By Michael Brooke Princeton University Press, 2018 Hardback, 249pp; 16pp of colour plates and maps, numerous black-and-white maps and illustrations; ISBN 978-0-691-17418-1 £24.95 buy it from the BB Bookshop It doesn’t seem so long ago that Letraset was essential in describing the movements of seabirds, which involved laboriously scraping symbols onto outline coastal maps to plot the distribution of recoveries of ringed birds, mostly found dead on a beach somewhere close to human habitation and usually ringed as a chick. As pointed out in the introductory chapter to this immensely readable book, the biases involved in interpolating seabird movements from ringing recoveries are considerable, and of course such information tells us nothing about what the individual did, or even where it went, in the often long interval between ringing and death. Neither does ringing tell us anything about the many individuals that die and disintegrate far from land, their metal rings ending up in the abyssal depths. Don’t get me wrong, ringing still has its place, but the technological revolution of the past 20–30 years has fundamentally expanded our understanding of what seabirds do while far from land – where they go and what strategies they adopt to enable them to survive for decades. From radio-tracking in the 1980s of parent birds foraging near colonies, soon followed by attaching satellite transmitters to albatrosses wandering the southern oceans, devices now exist that not only tell a researcher where an individual seabird is at any one time but how high it is flying, and whether or not it is sitting on the sea, at night or during the day. Underwater, diving depths, foraging patterns and heart rates can be measured, and temperature sensors can even record when something cold (i.e. prey) enters the stomach. At the colony level, accurate counts of nests can be made using photographs taken from drones, while satellite imagery has been used to identify the location and size of remote and previously unknown penguin colonies in Antarctica. Keeping abreast of all these developments in the published literature is challenging, and Mike Brooke has done seabird enthusiasts a huge service by synthesising the subject in one volume. Mike is perhaps best known to the birdwatching community for his studies of Manx Shearwaters Puffinus puffinusand his monograph of that species, and but his long academic career, specialising in procellariforms, has taken him to many remote islands around the world. So he is well placed to tell this story. His writing style is a delightful combination of ‘authoritative’, ‘easy’, and ‘entertaining’ with little autobiographical anecdotes and gentle digs at fellow researchers peppering up the text throughout. In a cleverly sequential series of chapters he describes the challenges facing a wide variety of seabird species and their coping strategies, as they leave their natal colonies for the first time, learn how to survive on their own until mature, make regular migrations between one part of the planet and another, become tied to their colony during the breeding season, use wind and waves for efficient travel, and make choices on where best to forage. A penultimate chapter describes how seabirds catch their food (yes, strap-on cameras have revealed a lot), while the final chapter (‘The Clash’) deals with seabird interactions with people, past, present and future. I can thoroughly recommend this book, which I’m sure will appeal to the lay public and to veteran seabird researchers alike (just read their comments on the back of the dust jacket – almost a seal of communal Royal Approval). The production is nice, with a sturdy cover, heavy paper and easily readable font size. Evocative vignettes by Bruce Pearson are scattered throughout, and I found the rear flap of the dust jacket useful in keeping track of the references, which are listed numerically by chapter before a comprehensive index. If you are interested in what seabirds do and why they do it, as opposed to what they simply look like, then buy this book – you’ll have a very entertaining and informative read. Martin Heubeck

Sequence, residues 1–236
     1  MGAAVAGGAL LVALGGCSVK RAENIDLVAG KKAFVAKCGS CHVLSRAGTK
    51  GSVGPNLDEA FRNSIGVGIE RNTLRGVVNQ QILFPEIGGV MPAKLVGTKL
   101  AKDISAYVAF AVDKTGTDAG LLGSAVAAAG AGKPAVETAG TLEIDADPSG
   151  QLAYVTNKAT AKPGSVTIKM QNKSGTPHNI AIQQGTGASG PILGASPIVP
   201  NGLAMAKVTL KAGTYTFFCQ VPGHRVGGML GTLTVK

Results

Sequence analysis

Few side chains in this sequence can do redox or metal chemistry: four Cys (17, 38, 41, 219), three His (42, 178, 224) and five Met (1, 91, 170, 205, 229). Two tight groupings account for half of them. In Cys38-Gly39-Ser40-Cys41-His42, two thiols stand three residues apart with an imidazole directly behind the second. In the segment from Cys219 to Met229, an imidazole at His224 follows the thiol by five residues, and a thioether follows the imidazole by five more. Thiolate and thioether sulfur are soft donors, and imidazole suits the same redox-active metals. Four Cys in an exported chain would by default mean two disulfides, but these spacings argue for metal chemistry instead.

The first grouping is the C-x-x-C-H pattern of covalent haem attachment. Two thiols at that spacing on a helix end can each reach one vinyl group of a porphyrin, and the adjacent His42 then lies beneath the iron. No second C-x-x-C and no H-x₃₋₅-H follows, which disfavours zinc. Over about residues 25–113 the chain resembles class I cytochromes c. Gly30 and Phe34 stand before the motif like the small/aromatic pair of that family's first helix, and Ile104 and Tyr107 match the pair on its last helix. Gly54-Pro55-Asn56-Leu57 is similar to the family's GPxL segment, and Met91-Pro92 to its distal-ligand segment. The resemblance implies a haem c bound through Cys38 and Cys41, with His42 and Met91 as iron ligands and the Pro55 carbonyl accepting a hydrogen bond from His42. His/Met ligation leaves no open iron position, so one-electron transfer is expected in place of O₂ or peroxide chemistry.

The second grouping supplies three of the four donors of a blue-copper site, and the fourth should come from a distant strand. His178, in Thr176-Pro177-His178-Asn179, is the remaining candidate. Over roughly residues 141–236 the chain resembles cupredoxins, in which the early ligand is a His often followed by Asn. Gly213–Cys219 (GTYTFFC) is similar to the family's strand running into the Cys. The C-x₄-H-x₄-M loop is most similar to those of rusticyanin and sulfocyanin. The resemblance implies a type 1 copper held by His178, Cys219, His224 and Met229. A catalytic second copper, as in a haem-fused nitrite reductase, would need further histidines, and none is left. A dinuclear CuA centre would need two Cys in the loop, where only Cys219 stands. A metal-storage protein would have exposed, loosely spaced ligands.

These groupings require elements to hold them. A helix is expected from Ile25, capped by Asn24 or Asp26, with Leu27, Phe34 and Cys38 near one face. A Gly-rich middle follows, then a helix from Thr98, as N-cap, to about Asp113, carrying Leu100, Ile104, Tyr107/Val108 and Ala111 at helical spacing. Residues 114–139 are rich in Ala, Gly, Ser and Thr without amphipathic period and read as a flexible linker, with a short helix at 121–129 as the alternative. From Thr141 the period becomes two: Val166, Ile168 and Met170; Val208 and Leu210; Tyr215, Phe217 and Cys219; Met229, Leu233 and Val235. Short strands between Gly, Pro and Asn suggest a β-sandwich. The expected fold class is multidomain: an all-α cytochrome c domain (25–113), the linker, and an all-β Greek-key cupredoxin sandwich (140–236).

Issue 7
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